One of the all-time great comics, Dave Chappelle, has an uproarious and thought provoking bit where he questions the value society places on ages, depending on context. (That link is decidedly NSFW, and may be uncomfortable for folks with a sexual assault background.)
The Chappelle bit raises the point that the way we each individually understand the world can significantly alter the way a statistic strikes us. For many Blues fans, the five year, $19.25 million extension signed by Patrik Berglund on Friday was a shock to the system, but when viewed against the league as a whole, the Blues may actually have found a bargain.
It seems ludicrous, of course, to suggest that paying an average of $3.8 million, including $4.7 million in the first two seasons, is some kind of “bargain.” The NHL has locked its players out three times in 23 years over a struggle to control rising salaries, so it’s easy to stand why those numbers create a Pavlovian shiver for fans trying to keep tabs on the league.
As Yahoo’s Greg Wyshynski pointed out, however, there are 143 forwards with a cap hit as high or higher than Patrik Berglund. Divided evenly among the 30 teams currently paying player salaries, that means Patrik Berglund would be roughly the fifth highest paid forward on an average team.
When you consider the proliferation of high scoring forwards who are playing on entry level deals, that would put Berglund’s salary in the range of a highly paid third line player. Wyshynski referred to the deal as “Darren Helm money;” Detroit is paying Helm exactly $3.85 million per season through 2021, a year less than the Blues have committed to Berglund.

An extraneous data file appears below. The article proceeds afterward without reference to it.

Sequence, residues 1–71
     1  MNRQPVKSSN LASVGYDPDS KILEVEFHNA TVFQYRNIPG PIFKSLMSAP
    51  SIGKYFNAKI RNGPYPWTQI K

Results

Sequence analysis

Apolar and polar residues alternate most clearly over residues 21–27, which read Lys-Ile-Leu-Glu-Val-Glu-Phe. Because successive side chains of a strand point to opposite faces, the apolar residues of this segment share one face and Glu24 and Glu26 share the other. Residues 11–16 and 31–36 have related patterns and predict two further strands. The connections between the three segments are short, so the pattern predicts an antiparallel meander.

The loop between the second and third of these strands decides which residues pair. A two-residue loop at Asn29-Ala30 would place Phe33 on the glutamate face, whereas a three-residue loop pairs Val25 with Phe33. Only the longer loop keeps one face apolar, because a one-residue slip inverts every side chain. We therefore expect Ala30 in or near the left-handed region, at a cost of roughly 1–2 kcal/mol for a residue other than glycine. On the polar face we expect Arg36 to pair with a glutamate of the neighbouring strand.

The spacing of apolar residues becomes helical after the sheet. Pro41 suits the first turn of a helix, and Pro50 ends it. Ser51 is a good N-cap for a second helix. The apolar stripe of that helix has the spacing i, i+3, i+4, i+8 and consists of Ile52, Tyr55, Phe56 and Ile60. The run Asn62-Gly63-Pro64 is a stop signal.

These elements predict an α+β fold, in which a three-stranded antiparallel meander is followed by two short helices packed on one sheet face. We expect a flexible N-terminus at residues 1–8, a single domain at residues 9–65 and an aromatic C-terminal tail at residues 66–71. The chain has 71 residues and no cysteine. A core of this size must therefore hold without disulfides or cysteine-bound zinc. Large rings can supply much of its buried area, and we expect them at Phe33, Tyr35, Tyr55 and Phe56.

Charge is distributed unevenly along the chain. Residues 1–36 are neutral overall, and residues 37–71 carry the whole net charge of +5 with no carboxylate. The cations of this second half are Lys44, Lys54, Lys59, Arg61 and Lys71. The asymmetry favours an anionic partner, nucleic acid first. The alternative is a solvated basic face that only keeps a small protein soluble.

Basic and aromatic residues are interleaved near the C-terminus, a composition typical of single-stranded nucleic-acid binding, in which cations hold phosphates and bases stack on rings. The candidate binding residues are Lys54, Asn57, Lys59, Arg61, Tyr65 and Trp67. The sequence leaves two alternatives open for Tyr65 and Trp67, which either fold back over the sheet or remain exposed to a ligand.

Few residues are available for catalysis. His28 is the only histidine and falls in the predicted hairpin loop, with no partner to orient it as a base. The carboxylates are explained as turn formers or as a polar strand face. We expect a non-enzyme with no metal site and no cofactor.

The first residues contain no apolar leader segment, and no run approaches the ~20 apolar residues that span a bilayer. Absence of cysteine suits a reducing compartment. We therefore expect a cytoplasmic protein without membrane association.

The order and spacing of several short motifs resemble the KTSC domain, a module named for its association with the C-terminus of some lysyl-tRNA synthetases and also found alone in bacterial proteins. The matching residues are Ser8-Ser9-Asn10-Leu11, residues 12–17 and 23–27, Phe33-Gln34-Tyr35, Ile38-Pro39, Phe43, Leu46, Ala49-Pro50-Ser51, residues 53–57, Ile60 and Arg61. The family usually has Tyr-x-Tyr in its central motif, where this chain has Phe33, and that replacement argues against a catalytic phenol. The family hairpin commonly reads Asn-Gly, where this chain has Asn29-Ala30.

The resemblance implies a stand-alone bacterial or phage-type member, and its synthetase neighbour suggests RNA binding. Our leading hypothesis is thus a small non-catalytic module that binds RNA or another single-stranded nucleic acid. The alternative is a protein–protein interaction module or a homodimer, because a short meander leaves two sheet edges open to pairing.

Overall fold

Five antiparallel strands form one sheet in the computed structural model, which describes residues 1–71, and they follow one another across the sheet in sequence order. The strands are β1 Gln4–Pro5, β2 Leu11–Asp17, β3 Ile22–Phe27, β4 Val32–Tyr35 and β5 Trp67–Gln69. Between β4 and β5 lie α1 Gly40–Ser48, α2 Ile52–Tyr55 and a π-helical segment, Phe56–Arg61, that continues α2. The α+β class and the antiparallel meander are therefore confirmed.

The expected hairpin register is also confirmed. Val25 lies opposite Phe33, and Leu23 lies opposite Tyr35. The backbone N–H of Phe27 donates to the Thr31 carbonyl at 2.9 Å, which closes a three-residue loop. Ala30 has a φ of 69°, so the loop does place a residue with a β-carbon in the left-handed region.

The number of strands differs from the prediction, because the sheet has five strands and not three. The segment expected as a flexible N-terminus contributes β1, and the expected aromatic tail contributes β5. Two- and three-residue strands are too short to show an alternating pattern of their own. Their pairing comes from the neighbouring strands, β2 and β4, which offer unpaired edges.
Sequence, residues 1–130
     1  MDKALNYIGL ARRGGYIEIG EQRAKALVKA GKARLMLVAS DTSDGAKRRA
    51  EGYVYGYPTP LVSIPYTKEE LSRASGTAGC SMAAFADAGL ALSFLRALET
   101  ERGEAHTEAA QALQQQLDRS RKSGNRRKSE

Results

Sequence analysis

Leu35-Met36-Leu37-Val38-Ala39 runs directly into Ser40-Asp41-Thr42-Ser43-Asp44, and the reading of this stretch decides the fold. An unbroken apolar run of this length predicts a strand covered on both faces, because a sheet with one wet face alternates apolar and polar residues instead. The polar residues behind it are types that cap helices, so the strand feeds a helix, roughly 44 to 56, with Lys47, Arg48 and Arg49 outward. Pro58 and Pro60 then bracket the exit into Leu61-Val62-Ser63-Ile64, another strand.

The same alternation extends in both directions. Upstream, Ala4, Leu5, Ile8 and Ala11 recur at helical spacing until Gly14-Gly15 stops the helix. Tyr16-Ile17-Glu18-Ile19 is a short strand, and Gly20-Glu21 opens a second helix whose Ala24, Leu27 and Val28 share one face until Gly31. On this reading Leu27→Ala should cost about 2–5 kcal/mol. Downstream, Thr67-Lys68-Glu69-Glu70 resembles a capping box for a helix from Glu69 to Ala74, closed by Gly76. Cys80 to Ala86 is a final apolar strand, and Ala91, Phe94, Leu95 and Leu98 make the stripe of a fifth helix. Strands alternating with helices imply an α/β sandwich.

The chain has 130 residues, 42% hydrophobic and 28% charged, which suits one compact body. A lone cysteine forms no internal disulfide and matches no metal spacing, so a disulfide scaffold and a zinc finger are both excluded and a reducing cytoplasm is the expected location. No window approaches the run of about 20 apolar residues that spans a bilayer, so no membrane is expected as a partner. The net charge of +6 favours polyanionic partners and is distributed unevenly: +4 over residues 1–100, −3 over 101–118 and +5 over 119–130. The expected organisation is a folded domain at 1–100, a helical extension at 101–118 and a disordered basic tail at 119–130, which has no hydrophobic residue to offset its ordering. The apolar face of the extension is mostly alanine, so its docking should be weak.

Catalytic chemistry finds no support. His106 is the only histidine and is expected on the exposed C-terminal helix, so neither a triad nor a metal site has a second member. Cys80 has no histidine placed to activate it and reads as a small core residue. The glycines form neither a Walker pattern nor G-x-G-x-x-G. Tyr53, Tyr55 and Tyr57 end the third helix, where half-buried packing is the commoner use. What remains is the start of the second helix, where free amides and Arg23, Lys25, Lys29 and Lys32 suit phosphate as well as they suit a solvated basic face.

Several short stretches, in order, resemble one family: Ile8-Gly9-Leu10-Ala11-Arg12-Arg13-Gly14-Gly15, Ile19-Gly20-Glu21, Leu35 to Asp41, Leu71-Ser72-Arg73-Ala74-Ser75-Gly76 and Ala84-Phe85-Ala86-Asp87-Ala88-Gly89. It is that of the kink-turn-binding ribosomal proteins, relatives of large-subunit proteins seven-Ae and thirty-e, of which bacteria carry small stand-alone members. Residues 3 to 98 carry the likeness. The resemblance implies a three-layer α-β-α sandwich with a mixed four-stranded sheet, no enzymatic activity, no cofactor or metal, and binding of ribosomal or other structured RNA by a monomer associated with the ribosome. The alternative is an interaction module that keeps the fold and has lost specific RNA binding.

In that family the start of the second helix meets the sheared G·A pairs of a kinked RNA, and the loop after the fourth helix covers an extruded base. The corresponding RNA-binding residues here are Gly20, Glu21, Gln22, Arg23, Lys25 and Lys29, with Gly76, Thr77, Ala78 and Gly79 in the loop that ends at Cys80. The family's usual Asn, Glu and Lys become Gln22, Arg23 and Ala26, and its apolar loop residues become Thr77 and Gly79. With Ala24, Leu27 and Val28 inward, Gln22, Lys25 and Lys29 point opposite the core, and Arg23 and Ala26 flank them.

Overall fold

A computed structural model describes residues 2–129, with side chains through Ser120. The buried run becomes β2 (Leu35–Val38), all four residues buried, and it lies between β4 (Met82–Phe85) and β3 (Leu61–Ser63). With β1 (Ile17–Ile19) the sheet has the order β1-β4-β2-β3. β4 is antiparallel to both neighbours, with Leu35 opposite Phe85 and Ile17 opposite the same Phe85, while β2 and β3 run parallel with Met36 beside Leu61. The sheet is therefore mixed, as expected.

Helm is 30, Berglund 28. Helm has only 11 points in 32 games this season, and has struggled with injuries throughout his career. He has never exceeded 33 points or 15 goals, and is found on Detroit’s fourth line as often as their third.
Berglund, as we have covered repeatedly on Game Time, is on pace for his third twenty goal season. While his puck distribution leaves a great deal to be desired, he has the ability to be a disruptive force in front of the net, and also plays an important role on the penalty kill.
Berglund’s deal is also reasonable when compared to his own teammates. The much-maligned Jori Lehtera has two more years remaining at $4.7 million. Curiously, that matches the cash pay out that Berglund will receive in the next two seasons before the contract tails off in the last two years.
David Perron is also signed through next season at a rate of $3.75 million. Berglund’s deal, then, is commensurate with his peers, and reasonable for a team that may otherwise struggle to attract players to play valuable center ice minutes.
Doug Armstrong’s management of a variety of contract situations (hi, Kevin Shattenkirk) has left a great deal to be desired, but Patrik Berglund’s deal should not be a point of criticism. Berglund is a player who clearly has made St. Louis his home and feels comfortable in this environment, and the Blues would clearly rather stick with the devil they know than fish in the market for one they may not.